The Court of Appeal, Abuja, has been urged to set aside the judgment of a High Court of the Federal Capital Territory(FCT) which convicted Nelson Onwuemeodo, an Utako Market trader for alleged conspiracy and assault.
NAN reports that Justice Peter Kekemeke of the FCT High Court had convicted six of the nine traders, who were executive members of Utako Market Shop Owners and Traders Association on Dec. 9, 2021, including Onwuemeodo, over allegations bordering on conspiracy and assault on Chief Denis Nweke and Nasiru Adamu at court premises.
Others convicted and sentenced are Ezeliora Joseph, Emeka Okah, Zainab Nwaorgwu, Igwerna Ale and Ichia Michael Ndu.
But in a 15- ground of appeal, Onwuemeodo, through his counsel, Chukwuma Ma-Chukwu Ume, SAN, faulted the judgment of trial court, describing it as pervasive.
Ume, in the application prayed the court to determine “whether the trial court was right in convicting and sentencing the appellant despite the fact that the totality of evidence of the prosecution witnesses graphically contradicted each other and none was worthy of belief?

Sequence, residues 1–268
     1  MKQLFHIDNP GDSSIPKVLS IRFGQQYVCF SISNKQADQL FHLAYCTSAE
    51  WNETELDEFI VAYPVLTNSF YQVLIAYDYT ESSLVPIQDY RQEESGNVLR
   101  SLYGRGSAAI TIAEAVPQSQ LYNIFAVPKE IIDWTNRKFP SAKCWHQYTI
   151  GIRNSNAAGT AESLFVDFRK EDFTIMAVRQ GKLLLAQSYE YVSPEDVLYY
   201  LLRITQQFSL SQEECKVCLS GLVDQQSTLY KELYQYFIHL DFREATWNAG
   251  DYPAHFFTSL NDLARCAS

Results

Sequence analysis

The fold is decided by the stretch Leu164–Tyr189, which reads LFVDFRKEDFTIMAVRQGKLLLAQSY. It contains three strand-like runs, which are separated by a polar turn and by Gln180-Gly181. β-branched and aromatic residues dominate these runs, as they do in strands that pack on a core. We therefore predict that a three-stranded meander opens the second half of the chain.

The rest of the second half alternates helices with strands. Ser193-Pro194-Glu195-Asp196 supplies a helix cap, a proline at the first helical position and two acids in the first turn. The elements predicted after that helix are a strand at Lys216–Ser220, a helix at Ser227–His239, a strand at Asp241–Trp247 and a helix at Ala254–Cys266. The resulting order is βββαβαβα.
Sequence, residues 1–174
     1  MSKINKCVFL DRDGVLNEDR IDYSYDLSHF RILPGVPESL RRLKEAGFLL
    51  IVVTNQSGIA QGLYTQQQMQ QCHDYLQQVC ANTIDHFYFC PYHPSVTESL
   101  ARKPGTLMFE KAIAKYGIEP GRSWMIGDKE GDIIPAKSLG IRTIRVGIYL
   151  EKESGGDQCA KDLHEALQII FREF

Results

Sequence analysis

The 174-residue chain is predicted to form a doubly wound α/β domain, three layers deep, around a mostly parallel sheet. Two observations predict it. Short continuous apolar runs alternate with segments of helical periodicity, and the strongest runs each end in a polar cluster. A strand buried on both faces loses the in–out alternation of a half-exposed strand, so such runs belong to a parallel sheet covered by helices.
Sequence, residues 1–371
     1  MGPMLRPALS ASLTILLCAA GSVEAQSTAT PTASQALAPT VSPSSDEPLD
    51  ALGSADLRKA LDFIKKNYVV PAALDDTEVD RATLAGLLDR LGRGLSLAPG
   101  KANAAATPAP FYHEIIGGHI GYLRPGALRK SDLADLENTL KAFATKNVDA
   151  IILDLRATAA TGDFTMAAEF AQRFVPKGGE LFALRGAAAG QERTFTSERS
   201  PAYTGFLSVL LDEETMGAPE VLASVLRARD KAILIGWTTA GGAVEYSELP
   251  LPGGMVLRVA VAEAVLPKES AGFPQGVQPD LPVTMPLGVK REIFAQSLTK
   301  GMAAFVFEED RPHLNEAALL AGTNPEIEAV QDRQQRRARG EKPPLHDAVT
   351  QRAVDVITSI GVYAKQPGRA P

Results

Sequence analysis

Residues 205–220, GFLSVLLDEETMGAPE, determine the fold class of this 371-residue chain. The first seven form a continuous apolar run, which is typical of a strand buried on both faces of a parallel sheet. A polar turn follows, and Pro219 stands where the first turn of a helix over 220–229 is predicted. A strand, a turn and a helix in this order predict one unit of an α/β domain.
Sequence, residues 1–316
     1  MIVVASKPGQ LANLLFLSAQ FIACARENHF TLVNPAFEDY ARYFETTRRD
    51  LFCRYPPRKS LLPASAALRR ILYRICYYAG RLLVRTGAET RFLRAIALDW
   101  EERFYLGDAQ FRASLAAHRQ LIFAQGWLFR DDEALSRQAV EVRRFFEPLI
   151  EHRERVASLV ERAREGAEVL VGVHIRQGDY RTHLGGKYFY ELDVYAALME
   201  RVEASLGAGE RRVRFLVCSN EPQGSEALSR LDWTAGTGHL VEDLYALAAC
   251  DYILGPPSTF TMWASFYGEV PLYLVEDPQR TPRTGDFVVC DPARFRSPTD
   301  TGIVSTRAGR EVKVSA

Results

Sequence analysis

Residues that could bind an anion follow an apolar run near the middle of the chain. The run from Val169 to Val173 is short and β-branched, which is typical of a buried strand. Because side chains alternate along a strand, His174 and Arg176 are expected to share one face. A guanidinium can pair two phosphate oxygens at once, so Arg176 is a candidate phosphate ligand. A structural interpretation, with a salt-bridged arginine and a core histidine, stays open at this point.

“Whether the prosecution having not fielded any of the right, proper and credible witnesses etc, whether the trial court was right to have still proceeded to convict and sentence the appellant,” among other questions.
Ume submitted that unfortunately, the prosecution rather than proving its case beyond reasonable doubt, it ended up with testimonies full of contradictions and unreliable witnesses.
He referred the court to the testimonies of prosecution witness (PW) 1, 2 and 3, which he submitted were manifestly contradictory in nature.
The senior lawyer said that the trial court was in grave error to have believed, acted and relied on the evidence of the prosecution witnesses, in convicting and sentencing the appellant for the offences despite the material contradictions that bedeviled same.
He argued that having found as a fact that the plea of alibi raised by the appellant was not investigated, the trial court was in grave error and occasioned a miscarriage of justice when it went ahead to convict and sentence the appellant.
Ume prayed the appellate court to allow his appeal and set aside the judgment of Justice Kekemeke more particularly his conviction and sentence for being perverse and having occasioned a miscarriage of justice.(NAN